December 20, 2013
We all know what’s up with sleep loss. It’s the cause of students walking around campus in a zombie-like fashion. It’s the reason for grogginess, bad moods, teetering on the edge of your nerves, and even arguments. I can go on and on telling you about the social effects of sleep loss, but I’m here to specifically tell you about the easily overlooked effects of sleep deprivation.
Sure, we have a lot of articles talking about insomnia and other circadian rhythm disorders, but it doesn’t hurt, to know about the other uncommon side effects of sleep loss. Understanding such side effects will help you to avoid them better and ultimately allow you to maximize your slumber on your precious mattress.
There are times when The Walking Dead becomes true in a very personal and nocturnal way. Sleepwalking isn’t really something you experience; it’s something you just do. I’m not limiting it specifically to you, since I’m not sure if you do it or not, but you get the point.
Sleepwalking has been found out to be a direct result of sleep deprivation. It’s not something that goes on with a 100% success rate, but deprivation significantly raises the percentage of the possibility of performing a zombie walk impersonation, especially among grown-ups.
If there are two things that people dislike about their anatomy, it would most likely be the speed of fat accumulation and… headaches. The latter is more relatable than the previous, since not everyone gets fat as quickly as some of us do. In either case, migraine chooses no one. Some have migraines more often than others, but it’s a fact that lack of sleep greatly increases the possibility of migraine occurring in individuals.
Now this one is a bit trippy. I’m sure you’ve heard of lucid dreaming, but visual hallucinations are really a step higher compared to those. Of course, I’m not talking about drug-induced ones, but in a certain specific degree, mild hallucinations can be experienced by spending a long period of time without any sleep at all. It’s not worth it, trust me. It’s like drugs.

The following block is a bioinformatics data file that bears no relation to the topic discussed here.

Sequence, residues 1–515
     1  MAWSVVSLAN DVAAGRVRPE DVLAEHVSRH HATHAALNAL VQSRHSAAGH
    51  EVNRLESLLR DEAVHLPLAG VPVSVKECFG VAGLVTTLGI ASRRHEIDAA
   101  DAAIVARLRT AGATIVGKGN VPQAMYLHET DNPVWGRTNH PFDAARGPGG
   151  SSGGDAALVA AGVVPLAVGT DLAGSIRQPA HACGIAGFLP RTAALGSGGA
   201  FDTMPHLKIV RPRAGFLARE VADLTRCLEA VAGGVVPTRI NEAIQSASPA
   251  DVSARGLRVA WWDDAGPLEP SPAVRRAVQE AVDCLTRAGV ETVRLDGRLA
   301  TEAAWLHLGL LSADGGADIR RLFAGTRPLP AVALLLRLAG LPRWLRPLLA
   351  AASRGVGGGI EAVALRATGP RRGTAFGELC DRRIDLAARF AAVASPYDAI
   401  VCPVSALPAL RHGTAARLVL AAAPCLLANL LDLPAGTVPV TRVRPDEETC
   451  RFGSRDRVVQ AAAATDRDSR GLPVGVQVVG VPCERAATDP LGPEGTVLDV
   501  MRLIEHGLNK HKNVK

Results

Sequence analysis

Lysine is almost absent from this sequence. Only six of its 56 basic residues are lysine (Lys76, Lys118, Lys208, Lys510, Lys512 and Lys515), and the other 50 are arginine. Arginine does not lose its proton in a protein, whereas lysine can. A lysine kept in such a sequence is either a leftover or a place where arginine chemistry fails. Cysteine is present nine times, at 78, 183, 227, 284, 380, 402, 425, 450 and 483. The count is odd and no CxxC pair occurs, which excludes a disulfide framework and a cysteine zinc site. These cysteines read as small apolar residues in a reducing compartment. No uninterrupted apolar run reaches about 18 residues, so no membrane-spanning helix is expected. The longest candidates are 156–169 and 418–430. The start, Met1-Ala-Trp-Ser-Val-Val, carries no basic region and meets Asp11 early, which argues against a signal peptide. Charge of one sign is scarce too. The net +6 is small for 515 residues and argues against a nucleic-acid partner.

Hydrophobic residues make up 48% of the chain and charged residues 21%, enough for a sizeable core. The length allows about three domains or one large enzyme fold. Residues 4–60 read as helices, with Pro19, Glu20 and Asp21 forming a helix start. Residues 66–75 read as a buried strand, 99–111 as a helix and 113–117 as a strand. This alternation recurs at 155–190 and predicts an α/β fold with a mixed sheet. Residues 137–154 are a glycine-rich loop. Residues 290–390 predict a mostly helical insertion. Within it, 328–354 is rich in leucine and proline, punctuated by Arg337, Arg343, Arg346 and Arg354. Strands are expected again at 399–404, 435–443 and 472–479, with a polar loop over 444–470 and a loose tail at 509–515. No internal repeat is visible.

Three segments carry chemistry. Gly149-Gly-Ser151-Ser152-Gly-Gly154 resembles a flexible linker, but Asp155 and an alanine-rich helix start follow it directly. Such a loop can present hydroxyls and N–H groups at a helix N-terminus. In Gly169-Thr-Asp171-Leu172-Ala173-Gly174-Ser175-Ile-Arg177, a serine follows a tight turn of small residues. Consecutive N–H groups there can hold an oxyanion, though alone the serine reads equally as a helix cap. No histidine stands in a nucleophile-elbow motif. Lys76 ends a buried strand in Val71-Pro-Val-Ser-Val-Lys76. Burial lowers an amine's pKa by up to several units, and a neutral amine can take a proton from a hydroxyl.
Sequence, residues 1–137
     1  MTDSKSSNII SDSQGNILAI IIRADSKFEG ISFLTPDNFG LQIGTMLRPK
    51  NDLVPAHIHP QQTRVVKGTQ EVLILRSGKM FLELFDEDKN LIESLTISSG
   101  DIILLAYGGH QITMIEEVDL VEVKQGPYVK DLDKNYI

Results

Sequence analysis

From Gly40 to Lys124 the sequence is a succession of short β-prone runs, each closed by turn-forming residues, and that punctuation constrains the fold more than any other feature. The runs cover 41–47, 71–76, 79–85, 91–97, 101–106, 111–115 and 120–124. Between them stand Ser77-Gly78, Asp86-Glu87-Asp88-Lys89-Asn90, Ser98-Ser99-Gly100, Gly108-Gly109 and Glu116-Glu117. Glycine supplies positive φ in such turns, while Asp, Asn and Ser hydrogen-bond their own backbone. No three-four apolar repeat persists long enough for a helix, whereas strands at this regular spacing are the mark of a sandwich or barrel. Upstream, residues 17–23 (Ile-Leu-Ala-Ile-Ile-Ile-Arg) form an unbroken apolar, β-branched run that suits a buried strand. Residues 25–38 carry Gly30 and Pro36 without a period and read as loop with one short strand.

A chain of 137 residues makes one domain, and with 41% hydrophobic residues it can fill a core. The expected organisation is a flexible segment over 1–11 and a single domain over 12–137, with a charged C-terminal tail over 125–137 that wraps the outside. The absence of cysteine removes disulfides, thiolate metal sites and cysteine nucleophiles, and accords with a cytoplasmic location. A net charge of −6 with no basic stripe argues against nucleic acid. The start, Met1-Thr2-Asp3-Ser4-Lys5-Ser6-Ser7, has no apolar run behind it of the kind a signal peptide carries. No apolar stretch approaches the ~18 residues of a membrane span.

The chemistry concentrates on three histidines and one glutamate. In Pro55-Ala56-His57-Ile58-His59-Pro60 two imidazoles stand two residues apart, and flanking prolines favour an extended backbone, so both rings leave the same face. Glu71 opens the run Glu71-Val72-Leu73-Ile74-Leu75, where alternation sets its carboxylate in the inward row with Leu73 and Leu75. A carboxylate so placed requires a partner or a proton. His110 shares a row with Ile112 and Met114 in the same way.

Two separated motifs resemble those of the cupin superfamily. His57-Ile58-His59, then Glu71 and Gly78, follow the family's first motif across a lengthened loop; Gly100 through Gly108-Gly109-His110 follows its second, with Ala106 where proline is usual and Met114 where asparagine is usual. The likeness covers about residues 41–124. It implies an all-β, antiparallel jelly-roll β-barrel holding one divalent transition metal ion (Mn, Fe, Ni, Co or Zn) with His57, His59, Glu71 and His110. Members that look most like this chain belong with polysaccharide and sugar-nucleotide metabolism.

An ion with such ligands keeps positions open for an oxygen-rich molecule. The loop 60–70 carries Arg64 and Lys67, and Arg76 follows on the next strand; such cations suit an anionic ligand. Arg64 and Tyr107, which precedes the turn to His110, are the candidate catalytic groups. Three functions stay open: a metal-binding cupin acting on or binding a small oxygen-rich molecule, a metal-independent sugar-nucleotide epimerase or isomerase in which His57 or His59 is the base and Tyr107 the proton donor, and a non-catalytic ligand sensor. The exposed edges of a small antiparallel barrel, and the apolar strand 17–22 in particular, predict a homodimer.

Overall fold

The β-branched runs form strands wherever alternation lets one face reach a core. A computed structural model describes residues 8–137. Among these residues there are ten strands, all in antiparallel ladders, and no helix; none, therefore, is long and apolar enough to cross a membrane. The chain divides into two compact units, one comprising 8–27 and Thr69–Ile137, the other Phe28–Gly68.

Here’s a whole article about sleep loss and weight gain, but in the small way of how staying awake for longer periods of time can increase your appetite, sleep deprivation can be one of the many main reasons for significant weight gain. After all, sleep deprivation messes everything up from your brain function all the way to your metabolism.
Sleep paralysis is more common than you think. What causes is it is generally a really unhealthy sleeping pattern, be it oversleeping or under-sleeping. Of course, under-sleeping is just largely a parallel description of having a really bad sleeping schedule, and being deprived of its meager contents.
In most things that can be avoided and taken out, it’s always a good principle to follow the golden rule of “prevention is better than cure.” Honestly, when you’re in the actual situation in any of the previously mentioned effects, it gets very difficult to get out of it. Some of it might last for a few moments, but those long-term effects are harder to lose, especially when talking about obesity.
That’s why prevention is better than cure, especially in this context when all of them are avoidable by following one thing – sleeping well every night. That’s why I bid you the best. Sleep tight!